Defense officials say no service members have been forced out of the ranks under the Pentagon’s new “deploy or get out” policy put in place last fall, despite comments from the acting defense secretary suggesting tens of thousands of service members were removed from the force in recent months.
Last week, in testimony before the Senate Armed Services Committee, acting secretary Patrick Shanahan said that his department has “roughly 21,000 fewer non-deployable service members” since last summer thanks to the policy, which officially went into effect on Oct. 1, 2018.
Under a policy imposed last year by former Defense Secretary Jim Mattis — part of his effort to make the force more “lethal” — troops who are unable to meet deployment standards for 12 months are expected to either get a waiver justifying their status or face separation from the force.
At the time, the policy sent shock waves across the military as officials estimated that nearly 11 percent of the active-duty and reserve force was considered non-deployable, or more than 235,000 troops.
Since that February 2018 announcement of the new policy, more than 120,000 troops have been reclassified as meeting readiness and deployability standards.
Yet Pentagon spokeswoman Lt. Col. Carla Gleason said that none of those individuals taken off the non-deployable list were pushed out of the service. Instead, the vast majority simply had their status updated, either because their health status improved or because they addressed bureaucratic issues like missing medical exams or fitness reports.
The confusion on Shanahan’s estimate of 21,000 troops highlights the ambiguity of the “deploy or get out” policy. Non-deployable status is not actually grounds for separating service members. Instead they are separated for more specific reasons like physical disabilities, mental health problems or legal issues.
Some of those issues, especially an injury, can lead to a service member being in a long non-deployable status, but the ‘deploy or get out’ policy that took effect last year did not create any new administrative separation codes.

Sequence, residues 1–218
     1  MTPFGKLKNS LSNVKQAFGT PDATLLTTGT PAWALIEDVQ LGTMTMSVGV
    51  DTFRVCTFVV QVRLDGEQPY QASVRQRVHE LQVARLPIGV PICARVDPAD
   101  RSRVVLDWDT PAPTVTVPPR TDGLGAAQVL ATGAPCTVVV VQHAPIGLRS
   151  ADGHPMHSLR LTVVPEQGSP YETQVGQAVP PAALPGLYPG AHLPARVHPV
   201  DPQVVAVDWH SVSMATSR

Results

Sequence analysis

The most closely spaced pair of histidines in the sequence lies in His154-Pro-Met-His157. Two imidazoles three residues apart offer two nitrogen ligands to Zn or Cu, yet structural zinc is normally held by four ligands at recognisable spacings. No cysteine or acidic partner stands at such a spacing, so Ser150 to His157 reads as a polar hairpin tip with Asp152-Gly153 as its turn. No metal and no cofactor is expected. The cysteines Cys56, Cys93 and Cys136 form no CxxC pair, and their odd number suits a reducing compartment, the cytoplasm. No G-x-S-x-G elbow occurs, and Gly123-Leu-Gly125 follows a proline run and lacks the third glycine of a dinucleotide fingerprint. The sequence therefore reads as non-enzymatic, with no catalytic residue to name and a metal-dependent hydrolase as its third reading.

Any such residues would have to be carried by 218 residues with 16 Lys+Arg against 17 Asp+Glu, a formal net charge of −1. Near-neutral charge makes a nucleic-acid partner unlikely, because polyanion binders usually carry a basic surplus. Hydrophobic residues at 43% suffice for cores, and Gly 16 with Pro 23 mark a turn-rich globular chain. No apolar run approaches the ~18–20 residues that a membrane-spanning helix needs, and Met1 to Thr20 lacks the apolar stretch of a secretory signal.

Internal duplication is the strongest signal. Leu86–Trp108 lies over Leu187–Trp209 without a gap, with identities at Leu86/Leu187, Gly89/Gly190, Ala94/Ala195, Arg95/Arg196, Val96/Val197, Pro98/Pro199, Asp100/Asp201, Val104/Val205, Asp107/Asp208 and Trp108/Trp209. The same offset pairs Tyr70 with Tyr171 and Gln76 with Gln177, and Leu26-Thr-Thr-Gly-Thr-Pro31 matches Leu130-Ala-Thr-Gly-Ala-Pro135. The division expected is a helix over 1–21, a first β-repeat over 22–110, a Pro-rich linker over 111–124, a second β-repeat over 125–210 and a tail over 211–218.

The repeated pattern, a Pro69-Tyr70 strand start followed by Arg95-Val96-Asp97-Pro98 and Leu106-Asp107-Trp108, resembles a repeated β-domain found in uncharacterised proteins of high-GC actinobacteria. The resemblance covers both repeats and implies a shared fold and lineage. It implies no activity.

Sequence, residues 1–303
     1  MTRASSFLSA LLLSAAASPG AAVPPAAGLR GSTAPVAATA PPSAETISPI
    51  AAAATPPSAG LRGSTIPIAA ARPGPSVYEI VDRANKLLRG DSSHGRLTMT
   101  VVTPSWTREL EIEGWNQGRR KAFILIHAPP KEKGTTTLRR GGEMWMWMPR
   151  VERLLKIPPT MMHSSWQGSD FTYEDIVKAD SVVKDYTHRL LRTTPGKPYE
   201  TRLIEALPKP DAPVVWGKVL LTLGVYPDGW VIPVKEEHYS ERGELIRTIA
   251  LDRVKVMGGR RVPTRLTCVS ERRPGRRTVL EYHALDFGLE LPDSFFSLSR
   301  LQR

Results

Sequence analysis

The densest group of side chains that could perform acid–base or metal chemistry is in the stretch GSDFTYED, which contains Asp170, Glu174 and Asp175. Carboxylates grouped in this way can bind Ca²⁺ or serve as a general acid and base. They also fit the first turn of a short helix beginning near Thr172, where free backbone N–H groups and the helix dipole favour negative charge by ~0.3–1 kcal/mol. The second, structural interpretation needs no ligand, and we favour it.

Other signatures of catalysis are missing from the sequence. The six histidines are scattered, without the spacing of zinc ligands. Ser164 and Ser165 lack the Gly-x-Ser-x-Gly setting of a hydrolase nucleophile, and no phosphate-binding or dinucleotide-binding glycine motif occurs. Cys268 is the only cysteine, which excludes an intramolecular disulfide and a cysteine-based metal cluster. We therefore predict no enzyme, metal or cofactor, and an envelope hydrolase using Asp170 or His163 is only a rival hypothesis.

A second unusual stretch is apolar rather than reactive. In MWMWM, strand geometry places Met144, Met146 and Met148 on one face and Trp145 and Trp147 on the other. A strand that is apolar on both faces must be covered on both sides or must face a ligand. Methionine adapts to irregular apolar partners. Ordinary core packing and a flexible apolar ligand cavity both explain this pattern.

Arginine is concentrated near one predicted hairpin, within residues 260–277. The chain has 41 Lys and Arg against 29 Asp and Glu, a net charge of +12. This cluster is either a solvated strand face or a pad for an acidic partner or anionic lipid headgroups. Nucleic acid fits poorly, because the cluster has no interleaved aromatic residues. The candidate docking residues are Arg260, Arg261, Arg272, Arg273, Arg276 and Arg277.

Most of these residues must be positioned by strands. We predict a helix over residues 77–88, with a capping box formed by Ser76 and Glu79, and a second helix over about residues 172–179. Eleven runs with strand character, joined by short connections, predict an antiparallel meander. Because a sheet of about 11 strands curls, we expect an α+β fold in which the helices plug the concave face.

However, the policy did result in administrative changes to the way the military services made retention decisions. For example, the Marine Corps previously allowed commanding generals to decide whether to retain a Marine but after Mattis imposed the ‘deploy or get out’ policy, that decision was elevated to Marine Corps headquarters for closer scrutiny, Marine Corps officials said.
Officials cannot say how many troops facing short- or long-term injuries may have left the force voluntarily since the new policy was announced in spring 2018. But none of those individuals were directly forced out because of the rule, Gleason said.
“This policy underscores the readiness requirement for the force that all service members are expected to be deployable,” she said. “Medical readiness is a key component of being ready to deploy.”
As of the end of January 2019, the number of non-deployable personnel was 114,000, about 5.4 percent of the total force. Defense officials have set a goal of less than 5 percent for the new policy.
Pregnant, recently pregnant and combat-wounded troops are exempt from the new deployment readiness policy. Over the last year, each of the services has revamped their classification and reporting requirements, to more accurately track troops’ readiness.
Gleason said since October only 32 waivers to the policy have been granted, for individuals facing unique hardships. That number could grow as commanders continue to review cases of troops who don’t meet the deployment standards.
Shanahan in his testimony said the new standards are important to keep all service members focused on potential future threats and missions.
“War is unforgiving, and our mission demands we remain a standards-based organization,” he said. “In upholding systematically applied standards, we ensure the readiness of our joint force and cohesion of our units.”